Sitting here with the calico cat on my lap – watching her ears twitch, feeling the breath going in and out of her warm body. She is 16. I’ve had her since she was a four-week old feral kitty – hissing and scratching and scared. I’ve shared almost all her life with her – from the beginning to today. She trusts me now – trusts me enough to jump into my lap and curl up there, and let herself be petted.
Now that she’s older I sometimes find myself thinking about that moment when my calico cat will no longer be with me. I think about death.
This year a lot of people I’ve known and cared for have died. November was especially challenging – a former student, a man who became my friend after he and his wife read one of my books, and a friend of mine from my walks in Bellingham all passed on. Last week a dear woman in her 90’s with a kind heart, a stalwart faith, and a twinkle in her eyes – a woman who had been a member of our church most of her life – passed on. It’s all gotten me to thinking about the nature of death – what it is and what it isn’t.
The thought came to me the other day that death isn’t really an “event” – that there really aren’t any seams or borders or divisions separating one part of life from another – but that it’s forever flowing in an endless stream. It’s true that I can’t see the friends that have passed on, but I can tell you there are times when I feel their love. Death can’t end the love we have for one another.
It probably seems weird to connect the insights I’ve had about death to the Superbowl – but that’s where my pointy little noggin went when I contemplated the end of the Seahawks season this morning. If only the game could have gone on a little longer, I thought, the Seahawks might still have been able to pull it off. “But it’s done. Over. Ended. It is what it is. And the magnificent catch by Kearse, the receptions by Matthews, the runs that Lynch made, the colossal efforts of Russell Wilson and his teammates – none of that matters now because they lost.” Those were my initial thoughts. But when I stopped thinking about the Superbowl as an “Event” – when I started thinking of the game as just a step in an endless progression – a step towards progress – a character-builder – another life-lesson – my feeling about it changed.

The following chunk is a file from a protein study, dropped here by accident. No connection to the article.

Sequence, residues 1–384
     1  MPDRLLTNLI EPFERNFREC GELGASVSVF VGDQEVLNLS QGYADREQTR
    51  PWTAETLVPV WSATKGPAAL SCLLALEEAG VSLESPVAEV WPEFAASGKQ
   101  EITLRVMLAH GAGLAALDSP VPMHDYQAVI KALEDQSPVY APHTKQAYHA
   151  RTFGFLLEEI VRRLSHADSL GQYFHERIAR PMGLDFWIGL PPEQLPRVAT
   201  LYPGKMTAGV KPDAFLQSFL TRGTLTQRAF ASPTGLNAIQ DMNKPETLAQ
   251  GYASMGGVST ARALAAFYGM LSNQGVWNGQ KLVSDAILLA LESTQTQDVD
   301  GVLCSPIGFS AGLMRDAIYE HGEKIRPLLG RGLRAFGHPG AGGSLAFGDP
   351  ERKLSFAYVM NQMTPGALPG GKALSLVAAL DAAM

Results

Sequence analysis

I would like to think that all the lessons we’re learning here – the lessons about honesty, compassion, integrity, friendship, courage, perseverance, honor, selflessness, generosity, love – are lessons we can build on and carry with us as we ride the current down the stream. It doesn’t make sense to me that all of that learning can abruptly come to an end at the close of a Superbowl, or a life.
My calico cat is with me in this moment – alive and breathing – and this moment is forever.
The continual contemplation of existence as material and corporeal – as beginning and ending, and with birth, decay, and dissolution as its component stages – hides the true and spiritual Life, and causes our standard to trail in the dust.
– Mary Baker Eddy